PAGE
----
In this cancer Afterworld, life is sometimes a b*tch, but often bliss. Blissy vibes happened the night I threw a spontaneous “Survivor Party & Sing-Along” at Honey, a pal’s suave nightclub. Scores of friends showed up. (They had to, or I’d kill them.) Honey’s sound system rocks, so I brought along guitars and did a short show of songs and stories and snickers and endeavored not to make a fool of myself. Friends sang (and played) along. It felt great.
As I wrote in my first cancer post, I’m the luckiest man in the world…because I have so many friends. 1,000 thanks, folks!
As one emerges from the blur and body slam of treatment, you peel back the fried & dried skin and open the burnt eyeballs and sense the neglected wreckage awaiting. Things like: Responsibilities. Relationships. Metaphysical laundry. The treatments stop and, ready or not, an impatient waiter presents a Reality checklist. The C card was wild for a while. But even the luckiest cardholder learns it won’t settle these tabs.
Atop the list sits a common psycho-cogitation: What did I do to deserve to win? I know several people suffering with cancer now, and acquaintances still tell stories daily of loved ones they’ve lost. Well, try not to think too much about survivor’s guilt, fear, or remorse. Don’t google it. Don’t google anything: It will just say you have cancer. But there’s some serious conditioning in order when transitioning from fight-fight-fight to taking victory laps.
Perhaps the Afterworld has parallels to post- 9-11, when everyone kept saying—with fervent voices and furrowed eyebrows—“Everything changed!” I was stymied then. And I’m baffled now. What, exactly, changed again? “Everything, man!” Whoa. That’s heavy. I don’t even know what “everything” is. So, I’m working on that. I’m working on everything. It changed.
The appointment agenda changed for sure, but it’s still jammy. Dr. Nostril’s camera still goes up the nose and we discuss that mysterious ecosystem. Last time, he loved what he saw—more than ever. “Pristine!” he proclaimed. He was probably ready to scoot me out of the exam room and move on to messier cases.
But being the journalist that I am who increasingly cares about his body’s adventure, I peppered him with a lightning round of Afterworld Q&A: “Doc, what about these dang headaches?” “Perfectly normal!” “My eyelid gets stuck and people think I’m winking.” “Might work wonders for your love life!” “The nagging cough?” “Common. Did you like steroids? We can set you up…” “No-o-o-! Just let me cough!” “As you wish, but it’d be a much smaller dose and you might enjoy mopping the carpet at 2 in the morning.” “About my nose. When I blow it, I still get…” “OF COURSE you do. Give it time. It’s like a fine wine…”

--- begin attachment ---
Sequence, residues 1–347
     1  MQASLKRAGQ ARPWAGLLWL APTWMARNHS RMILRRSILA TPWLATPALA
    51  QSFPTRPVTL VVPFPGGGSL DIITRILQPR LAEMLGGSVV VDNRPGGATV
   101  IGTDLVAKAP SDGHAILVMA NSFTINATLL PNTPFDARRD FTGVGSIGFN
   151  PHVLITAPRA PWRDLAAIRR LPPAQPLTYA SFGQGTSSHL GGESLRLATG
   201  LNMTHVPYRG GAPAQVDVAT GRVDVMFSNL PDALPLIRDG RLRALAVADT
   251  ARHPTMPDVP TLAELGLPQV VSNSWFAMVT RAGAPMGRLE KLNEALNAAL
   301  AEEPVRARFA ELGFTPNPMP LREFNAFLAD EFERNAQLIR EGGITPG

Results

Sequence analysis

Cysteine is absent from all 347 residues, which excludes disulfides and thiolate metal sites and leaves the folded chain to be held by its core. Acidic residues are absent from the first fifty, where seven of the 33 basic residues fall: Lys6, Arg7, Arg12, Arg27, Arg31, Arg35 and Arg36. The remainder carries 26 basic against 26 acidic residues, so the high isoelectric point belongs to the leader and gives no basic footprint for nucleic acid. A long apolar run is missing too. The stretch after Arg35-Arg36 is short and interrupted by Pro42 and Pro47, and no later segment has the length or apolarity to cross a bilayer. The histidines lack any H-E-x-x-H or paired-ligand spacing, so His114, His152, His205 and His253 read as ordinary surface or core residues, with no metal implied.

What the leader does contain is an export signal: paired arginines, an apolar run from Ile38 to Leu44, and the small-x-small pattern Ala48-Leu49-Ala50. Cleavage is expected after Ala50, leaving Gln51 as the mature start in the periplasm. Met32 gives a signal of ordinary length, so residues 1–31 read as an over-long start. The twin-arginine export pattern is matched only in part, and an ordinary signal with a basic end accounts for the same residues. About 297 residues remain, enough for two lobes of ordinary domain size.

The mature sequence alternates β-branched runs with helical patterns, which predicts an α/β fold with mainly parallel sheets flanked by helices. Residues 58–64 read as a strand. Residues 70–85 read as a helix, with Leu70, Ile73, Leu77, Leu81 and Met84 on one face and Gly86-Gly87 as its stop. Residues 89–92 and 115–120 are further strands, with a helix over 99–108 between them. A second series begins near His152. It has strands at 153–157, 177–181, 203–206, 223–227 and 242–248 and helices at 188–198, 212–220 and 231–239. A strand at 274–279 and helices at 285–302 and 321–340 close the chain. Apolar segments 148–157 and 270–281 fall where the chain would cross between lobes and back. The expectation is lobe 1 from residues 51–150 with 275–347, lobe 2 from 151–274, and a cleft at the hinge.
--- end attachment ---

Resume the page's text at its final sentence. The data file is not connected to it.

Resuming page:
Before departing, I mean signing off, we do need to talk about my hair. But it’s probably best saved for another post. Or thriller novel. For now, please know that it…changed. Really changed. It now redefines kinky. I mean, I wake up in the morning with a hair-ache. Mother Wren is back from Mar-a-Lago and checking me out nonstop.
Even Dr. Zen was shocked. Last time we met, he entered the room with his usual beaming smile, which abruptly fell into a painful frown. And—not in his usual, soothing voice—he muttered, “Oh my, your hair came back, but, but…it really…changed. I did not expect this.” He turned away and started rubbing his forehead. Nurse Parrot bolted from the room, perhaps to get him a stiff cocktail.
Not to worry, I’m seeking professional hair help. I’d show you a recent picture but, well, I doubt it would pass the new internet politeness protocols. So stay tuned…
Until then, get back to your mess, your lists, and your songs. And remember…We got this!
Thanks for listening…